The Court of Appeals applied the McKennon three-prong test for the defense of after-acquired evidence: "An employer must satisfy the following conditions: (1) The plaintiff was guilty of some misconduct of which the employer was unaware; (2) the misconduct would have justified discharge; and (3) if the employer had known of the misconduct, the employer would have discharged the plaintiff." 22 Kan. App. 2d at 644-45. The Court of Appeals determined that the employer had satisfied the third prong, but reversed as to the first two prongs, finding there were unresolved issues of material fact, and remanded the action to the district court.
The Kansas Supreme Court granted Good Samaritan's petition for review on the questions of whether the after-acquired evidence doctrine is a complete defense to liability in a wrongful discharge case and whether genuine issues of material fact existed concerning whether Gassmann's action was misconduct justifying discharge. After observing the public policy exception to the after-acquired evidence rules, the Gassmann court stated that an employee who has not raised a public policy concern is not entitled to relief if the employer establishes proof of after-acquired evidence sufficient for termination. 261 Kan. at 730.
The Gassman court applied the three-prong test of McKennon to the facts of the case and held that issues of material fact remained as to all three McKennon prongs, and the matter was remanded to the district court.
Here, the issue is whether the after-acquired evidence doctrine is applicable to a retaliatory discharge case where the plaintiff alleges that he or she was discharged from employment for making a workers compensation claim. Wal-Mart acknowledges that the McKennon Court refused to apply the after-acquired evidence doctrine as a complete bar to recovery in that case because the public policy of federal discrimination legislation would be frustrated by application of the doctrine. Wal-Mart contends, however, that the facts of this case do not raise antidiscrimination public policy concerns recognized and protected by the McKennon Court.
Kansas employment law is grounded in the doctrine of employment-at-will. In the absence of an express or implied contract of duration or where recognized public policy concerns are raised, employment is terminable at the will of either party. Frye v. IBP, Inc., 15 F. Supp. 2d 1032, 1046 (D. Kan. 1998). Recognized public policy concerns which contravene the employment-at-will rule are few and narrowly defined. Before courts are justified in declaring the existence of public policy, "'it should be so thoroughly established as a state of public mind so united and so definite and fixed that its existence is not subject to any substantial doubt.'" Palmer v. Brown, 242 Kan. 893, 897, 752 P.2d 685 (1988).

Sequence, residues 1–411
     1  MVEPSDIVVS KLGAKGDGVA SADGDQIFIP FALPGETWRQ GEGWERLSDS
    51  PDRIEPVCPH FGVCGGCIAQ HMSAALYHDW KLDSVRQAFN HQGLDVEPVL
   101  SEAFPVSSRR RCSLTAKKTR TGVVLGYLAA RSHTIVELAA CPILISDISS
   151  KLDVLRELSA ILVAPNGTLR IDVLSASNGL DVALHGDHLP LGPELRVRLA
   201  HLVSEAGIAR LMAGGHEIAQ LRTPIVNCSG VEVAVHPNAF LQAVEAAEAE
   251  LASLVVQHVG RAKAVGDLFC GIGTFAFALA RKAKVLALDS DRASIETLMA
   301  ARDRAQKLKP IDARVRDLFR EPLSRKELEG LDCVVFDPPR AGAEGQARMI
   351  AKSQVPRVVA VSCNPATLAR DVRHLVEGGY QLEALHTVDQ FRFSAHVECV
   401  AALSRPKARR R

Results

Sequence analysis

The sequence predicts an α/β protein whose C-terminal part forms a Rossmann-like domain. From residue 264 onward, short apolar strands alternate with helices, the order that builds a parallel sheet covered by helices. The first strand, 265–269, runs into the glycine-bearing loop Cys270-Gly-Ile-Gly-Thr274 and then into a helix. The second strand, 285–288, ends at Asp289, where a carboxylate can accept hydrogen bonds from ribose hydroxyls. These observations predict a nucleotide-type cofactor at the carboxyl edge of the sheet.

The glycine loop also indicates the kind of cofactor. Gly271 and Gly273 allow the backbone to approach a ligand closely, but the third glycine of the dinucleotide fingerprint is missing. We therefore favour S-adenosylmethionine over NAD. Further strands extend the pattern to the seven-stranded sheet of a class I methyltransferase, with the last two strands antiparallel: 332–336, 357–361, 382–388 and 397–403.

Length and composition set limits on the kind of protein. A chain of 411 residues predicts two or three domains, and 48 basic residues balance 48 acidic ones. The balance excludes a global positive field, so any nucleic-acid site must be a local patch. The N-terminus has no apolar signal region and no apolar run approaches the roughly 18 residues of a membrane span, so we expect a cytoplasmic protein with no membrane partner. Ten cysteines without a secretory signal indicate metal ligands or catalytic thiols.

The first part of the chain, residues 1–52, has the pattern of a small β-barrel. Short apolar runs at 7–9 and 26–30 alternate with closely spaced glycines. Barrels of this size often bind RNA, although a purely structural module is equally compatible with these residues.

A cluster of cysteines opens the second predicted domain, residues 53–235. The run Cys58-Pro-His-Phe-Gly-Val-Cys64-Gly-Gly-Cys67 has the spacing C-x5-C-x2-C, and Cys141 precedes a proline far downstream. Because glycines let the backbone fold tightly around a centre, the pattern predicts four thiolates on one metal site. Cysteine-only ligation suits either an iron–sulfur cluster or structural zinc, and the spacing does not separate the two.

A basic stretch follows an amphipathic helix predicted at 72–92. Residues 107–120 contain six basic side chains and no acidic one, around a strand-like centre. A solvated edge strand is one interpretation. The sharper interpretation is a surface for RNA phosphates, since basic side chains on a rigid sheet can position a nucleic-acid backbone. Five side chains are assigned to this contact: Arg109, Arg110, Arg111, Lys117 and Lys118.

The two public policy exceptions to the employment-at-will doctrine that Kansas courts have recognized are (1) when an employer discharges an employee for exercising rights under the workers compensation laws and (2) when an employer discharges an employee for a good faith report or threat to report a serious infraction of rules, regulations, or law pertaining to the public health, safety, and the general welfare by a co-worker or employer (whistleblowing). Frye, 15 F. Supp. 2d at 1046. In recognizing the tort of retaliatory discharge in a case where the employee was demoted for making a workers compensation claim, this court stated:
"'We believe [plaintiff's] public policy argument has merit. The Workmen's Compensation Act provides efficient remedies and protection for employees, and is designed to promote the welfare of the people in this state. It is the exclusive remedy afforded the injured employee, regardless of the nature of the employer's negligence. To allow an employer to coerce employees in the free exercise of their rights under the act would substantially subvert the purpose of the act.' [Citation omitted.]" Brigham v. Dillon Companies, Inc., 262 Kan. 12, 19, 935 P.2d 1054 (1997).
Clearly, the public policy of preserving workers compensation rights is highly regarded in Kansas law.
A number of jurisdictions have balanced state public policy concerns and employers' lawful prerogatives in hiring, promoting, and discharging their employees by applying the McKennon standard in state retaliatory discharge cases, thereby limiting the application of the after-acquired evidence doctrine to the issue of damages. See Walters v. U.S. Gypsum Co., 537 N.W.2d 708 (Iowa 1995); Horn v. Dep't of Corrections, 216 Mich. App. 58, 548 N.W.2d 660 (1996); Trico Technologies Corp. v. Montiel, 949 S.W.2d 308 (Tex. 1997); see also Thompson v. Better-Bilt Aluminum Prods. Co., 187 Ariz. 121, 927 P.2d 781(1996) (finding that public policy does not preclude, in an action involving wrongful termination for filing of a workers compensation claim, an employer from presenting after-acquired evidence of application fraud when the jury is instructed as to the significance of such evidence on the measure of damages); Barlow v. Hester Industries, Inc., 198 W. Va. 118, 479 S.E.2d 628 (1996).